PUP | photo by John Vettese for WXPN
PUP and pals rage on a rainy Friday at Franklin Music Hall
The Toronto punk favorites played their biggest Philly show to date on Friday night, and they brought a heavy-hitting lineup with them.
It’s cause for excitement any time a PUP tour rolls through town. The Toronto punk rock four piece has been hard at work for over a decade, sharpening their skill as a live band — which was already pretty damn sharp when we saw frontperson Stefan Babcock climb the walls at Golden Tea House in 2014 — and amassing a fervent following on the way.
They have hooks that’ll stick in your head for days, technical chops that will make your jaw drop (shoutouts to the workhorse rhythm section of bassist Nestor Chumak and drummer Zack Mykula), and a know-when-to-disregard-the-rulebook approach that’s liberating (the pendulum of lead guitarist Steve Sladkowski’s solos swings between dazzling skill and uninhibited discord). And the fans that have coalesced around the band is an odd mix of pandemonium and concern; this is a crowd that, broadly speaking, will gleefully draw you into the ever-present circle pit, but will promptly course-correct if they realize that, no, you don’t actually want to be there. For a band whose music is fatalistic but also full of life, it couldn’t make any more sense.
Their current tour, though, is particularly special. It’s in support of their great new record The Unraveling of PUPTheBand, it’s their first time on the road since before the pandemic, it finds them playing their biggest venues to date — like Franklin Music Hall on a cold and rainy Friday night — and the lineup is stacked, with dynamic Baltimore emo outfit Pinkshift opening the show, followed by Philly’s Sheer Mag. They call it the Thank Fucking God tour, and I wholeheartedly concur.
As the soggy crowd filed inside, Pinkshift stormed onstage and opened the night with a knockout eight-song set. Frontperson Ashrita Kumar paced and pivoted, spun and sprinted from side to side of the stage as they sang cathartic lyrics to the band’s math-y complexity. With arcs of guitar and drums, and towering melodies, Pinkshift presented a refreshing revival of aughties emo energy; think Three Cheers for Sweet Revenge and Riot!. “Ever feel angry and you don’t know why?” Kumar asked the crowd at one point. “And then you start CRYING?! Me too. This is for us.” And they launched terrifically into “I’m Not Crying, You’re Crying.”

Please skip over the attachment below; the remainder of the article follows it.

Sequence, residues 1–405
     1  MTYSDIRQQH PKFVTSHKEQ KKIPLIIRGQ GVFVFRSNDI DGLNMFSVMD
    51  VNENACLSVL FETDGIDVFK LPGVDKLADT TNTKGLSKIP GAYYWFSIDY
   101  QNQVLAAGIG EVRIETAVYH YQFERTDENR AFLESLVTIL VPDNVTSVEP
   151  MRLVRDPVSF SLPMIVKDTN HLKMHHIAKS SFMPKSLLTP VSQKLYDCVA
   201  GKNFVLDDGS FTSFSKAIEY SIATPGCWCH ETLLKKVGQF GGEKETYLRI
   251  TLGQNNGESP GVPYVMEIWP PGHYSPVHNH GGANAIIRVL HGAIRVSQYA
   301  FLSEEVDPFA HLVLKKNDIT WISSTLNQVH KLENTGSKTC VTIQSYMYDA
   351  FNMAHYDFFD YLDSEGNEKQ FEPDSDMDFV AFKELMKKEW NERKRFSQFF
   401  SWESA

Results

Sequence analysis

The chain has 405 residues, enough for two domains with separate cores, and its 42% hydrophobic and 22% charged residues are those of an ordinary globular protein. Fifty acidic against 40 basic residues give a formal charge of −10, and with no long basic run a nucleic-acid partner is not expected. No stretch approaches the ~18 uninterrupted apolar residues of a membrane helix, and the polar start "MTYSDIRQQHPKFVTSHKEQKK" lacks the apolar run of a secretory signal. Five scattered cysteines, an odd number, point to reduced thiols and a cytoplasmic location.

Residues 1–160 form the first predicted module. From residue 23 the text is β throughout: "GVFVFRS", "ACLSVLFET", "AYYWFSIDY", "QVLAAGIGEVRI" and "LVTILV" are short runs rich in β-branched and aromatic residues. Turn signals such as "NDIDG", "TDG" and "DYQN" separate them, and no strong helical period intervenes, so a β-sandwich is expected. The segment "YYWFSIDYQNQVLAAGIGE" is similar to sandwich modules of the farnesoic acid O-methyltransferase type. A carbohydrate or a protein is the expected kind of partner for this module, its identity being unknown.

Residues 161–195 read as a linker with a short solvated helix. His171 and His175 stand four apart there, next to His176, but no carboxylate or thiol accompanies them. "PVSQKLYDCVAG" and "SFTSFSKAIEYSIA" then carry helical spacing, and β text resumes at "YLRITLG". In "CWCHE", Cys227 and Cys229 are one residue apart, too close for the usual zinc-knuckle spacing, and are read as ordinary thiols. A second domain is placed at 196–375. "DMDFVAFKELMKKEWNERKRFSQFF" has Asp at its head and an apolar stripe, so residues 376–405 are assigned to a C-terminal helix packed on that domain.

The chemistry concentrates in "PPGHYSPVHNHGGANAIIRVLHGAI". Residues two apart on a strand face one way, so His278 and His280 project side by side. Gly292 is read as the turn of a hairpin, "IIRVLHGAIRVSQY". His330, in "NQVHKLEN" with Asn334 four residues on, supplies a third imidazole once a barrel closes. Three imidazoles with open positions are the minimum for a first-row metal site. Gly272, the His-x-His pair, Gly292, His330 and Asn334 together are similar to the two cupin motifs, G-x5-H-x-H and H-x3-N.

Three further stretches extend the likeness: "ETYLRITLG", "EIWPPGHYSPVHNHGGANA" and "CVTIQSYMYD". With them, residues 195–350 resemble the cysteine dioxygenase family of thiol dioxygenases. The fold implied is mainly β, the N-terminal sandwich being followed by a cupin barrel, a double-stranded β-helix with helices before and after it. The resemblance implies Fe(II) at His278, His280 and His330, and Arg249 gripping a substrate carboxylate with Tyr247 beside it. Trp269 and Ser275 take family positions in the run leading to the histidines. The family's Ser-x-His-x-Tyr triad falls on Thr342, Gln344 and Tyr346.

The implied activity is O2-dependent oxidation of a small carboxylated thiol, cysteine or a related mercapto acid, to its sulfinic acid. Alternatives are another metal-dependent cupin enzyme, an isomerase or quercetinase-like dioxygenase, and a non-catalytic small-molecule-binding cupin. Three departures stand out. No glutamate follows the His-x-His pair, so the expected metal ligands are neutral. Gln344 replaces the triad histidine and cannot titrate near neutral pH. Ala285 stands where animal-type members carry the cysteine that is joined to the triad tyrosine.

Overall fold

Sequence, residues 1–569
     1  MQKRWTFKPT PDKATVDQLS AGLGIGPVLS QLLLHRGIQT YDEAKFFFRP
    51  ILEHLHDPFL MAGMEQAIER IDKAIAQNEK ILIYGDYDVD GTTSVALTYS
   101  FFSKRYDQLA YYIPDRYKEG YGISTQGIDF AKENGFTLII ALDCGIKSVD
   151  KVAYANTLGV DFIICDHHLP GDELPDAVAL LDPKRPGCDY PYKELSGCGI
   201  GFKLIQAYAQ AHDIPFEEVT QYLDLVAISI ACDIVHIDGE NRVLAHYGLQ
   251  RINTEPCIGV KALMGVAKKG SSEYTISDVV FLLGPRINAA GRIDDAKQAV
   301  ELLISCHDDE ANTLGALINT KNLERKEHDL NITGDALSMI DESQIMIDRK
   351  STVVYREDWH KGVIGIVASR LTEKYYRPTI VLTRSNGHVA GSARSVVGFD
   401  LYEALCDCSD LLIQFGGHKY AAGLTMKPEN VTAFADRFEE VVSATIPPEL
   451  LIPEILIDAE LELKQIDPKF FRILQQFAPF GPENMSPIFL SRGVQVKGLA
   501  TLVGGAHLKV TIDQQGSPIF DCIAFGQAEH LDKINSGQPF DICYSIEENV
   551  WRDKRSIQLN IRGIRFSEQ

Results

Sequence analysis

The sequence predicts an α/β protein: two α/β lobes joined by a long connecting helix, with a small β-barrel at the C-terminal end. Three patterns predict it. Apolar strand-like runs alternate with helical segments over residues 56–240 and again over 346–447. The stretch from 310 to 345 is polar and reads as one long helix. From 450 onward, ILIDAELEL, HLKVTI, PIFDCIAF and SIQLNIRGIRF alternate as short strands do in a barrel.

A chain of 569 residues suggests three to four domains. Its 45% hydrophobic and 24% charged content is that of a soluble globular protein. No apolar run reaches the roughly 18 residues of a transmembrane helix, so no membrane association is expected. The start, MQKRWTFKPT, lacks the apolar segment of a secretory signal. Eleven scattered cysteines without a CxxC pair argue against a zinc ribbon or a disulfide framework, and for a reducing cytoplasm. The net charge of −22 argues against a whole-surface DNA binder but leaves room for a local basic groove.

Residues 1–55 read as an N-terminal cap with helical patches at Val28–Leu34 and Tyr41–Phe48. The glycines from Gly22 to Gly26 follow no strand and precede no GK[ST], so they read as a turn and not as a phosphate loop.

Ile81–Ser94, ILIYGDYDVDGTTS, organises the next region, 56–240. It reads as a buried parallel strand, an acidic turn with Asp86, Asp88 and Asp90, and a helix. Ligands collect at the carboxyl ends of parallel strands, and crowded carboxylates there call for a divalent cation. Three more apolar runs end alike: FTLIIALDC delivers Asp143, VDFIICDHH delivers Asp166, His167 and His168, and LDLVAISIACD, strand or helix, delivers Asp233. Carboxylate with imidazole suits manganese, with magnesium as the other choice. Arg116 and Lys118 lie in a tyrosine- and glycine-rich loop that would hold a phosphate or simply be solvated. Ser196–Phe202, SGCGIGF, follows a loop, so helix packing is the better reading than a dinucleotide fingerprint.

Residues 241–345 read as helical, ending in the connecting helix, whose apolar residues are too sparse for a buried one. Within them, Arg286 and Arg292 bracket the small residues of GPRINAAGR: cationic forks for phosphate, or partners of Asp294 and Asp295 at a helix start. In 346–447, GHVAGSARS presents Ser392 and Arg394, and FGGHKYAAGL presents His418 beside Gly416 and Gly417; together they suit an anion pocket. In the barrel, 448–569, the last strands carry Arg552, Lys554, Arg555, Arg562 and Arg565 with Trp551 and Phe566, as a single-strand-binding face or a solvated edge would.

Back on their home turf, Sheer Mag shone during their 30 minutes in the stage lights. Compared to the acrobatic act that had just gone before them, the retro-punk five-piece seemed relatively stationary, and not as chatty — and that’s totally okay. One approach does not supersede the other, and no one present would dispute that Tina Halladay worked the crowd like an absolute badass to the punchy opener “Steel Sharpens Steel” or the back-catalog fave “Expect The Bayonet,” or that Kyle Seely’s 70s-dipped solos on “Fan The Flames” ruled. And the banter we got was funny! “I can see everything you’re doing, and you guys are fuckin’ weird,” said Hallady. “This one guy doesn’t even know he’s at a show.”
“The lost and found is open,” Sladkowski joked with the crowd as stray garments lost in the fray began making their way onstage, beginning with somebody’s dripping wet shirt — and at that point in the night it was unclear whether it was wet from rain, sweat, or both. “Thank you for showing up with Friday night energy, fuck yeah.” With springboard level jumps and rushes to the barricade to hold their instruments out to the crowd, the band clearly did the same.
Opening the set the way Unraveling opens — the ironically melancholic piano ballad “Four Chords” right into the heart-racing “Totally Fine” — we quickly saw how well the new songs sat alongside PUP’s back catalog. “Guilt Trip” from their 2013 self-titled debut plowed into the catchy chaos of “Free At Last” from 2019’s Morbid Stuff; a leveling “If This Tour Doesn’t Kill You, I Will” from 2016’s The Dream Is Over was a mid-set anchor. Note those release years, too; this isn’t a band that rushes from project to project, it moves at an every-three-years pace that makes for better and more consistent albums overall.
And in addition to featuring those albums, PUP shows can also be the scene of absurdity, like Babcock and Sladkowski playing the “Hotel California” outro note for note in the middle of “Matilda.” “I’ve been practicing that solo for 15 years,” said Babcock. “It’s my favorite song written by cocaine.”
As the night wound down with the raging dissonance of “PUPTHEBAND Inc. Is Filing For Bankruptcy” — which Babcock told the crowd is the band’s favorite to play live on this run — it became clear that the special nature of the tour in general and the gig in specific was not lost on the band. It was their biggest Philly show to date, and Babcock several times marveled at the teeming audience in the 2,500-capacity Franklin; he says the band truly considers Philly a second home, and effusively praised PUP’s tourmates. “The four of us have taken stuff for granted in the past,” he said. “And we realize how lucky we are to get to have this opportunity.”
Pinkshift | photo by John Vettese for WXPN
Franklin Music Hall
- Four Chords
- Totally Fine
- My Life Is Over and I Couldn't Be Happier
- Guilt Trip
- Free At Last
- Sleep In The Heat
- Robot Writes A Love Song
- If This Tour Doesn't Kill You, I Will
- Scorpion Hill
- See You At Your Funeral
- Familiar Patterns
- PUPTHEBAND Inc. Is Filing For Bankruptcy
- Morbid Stuff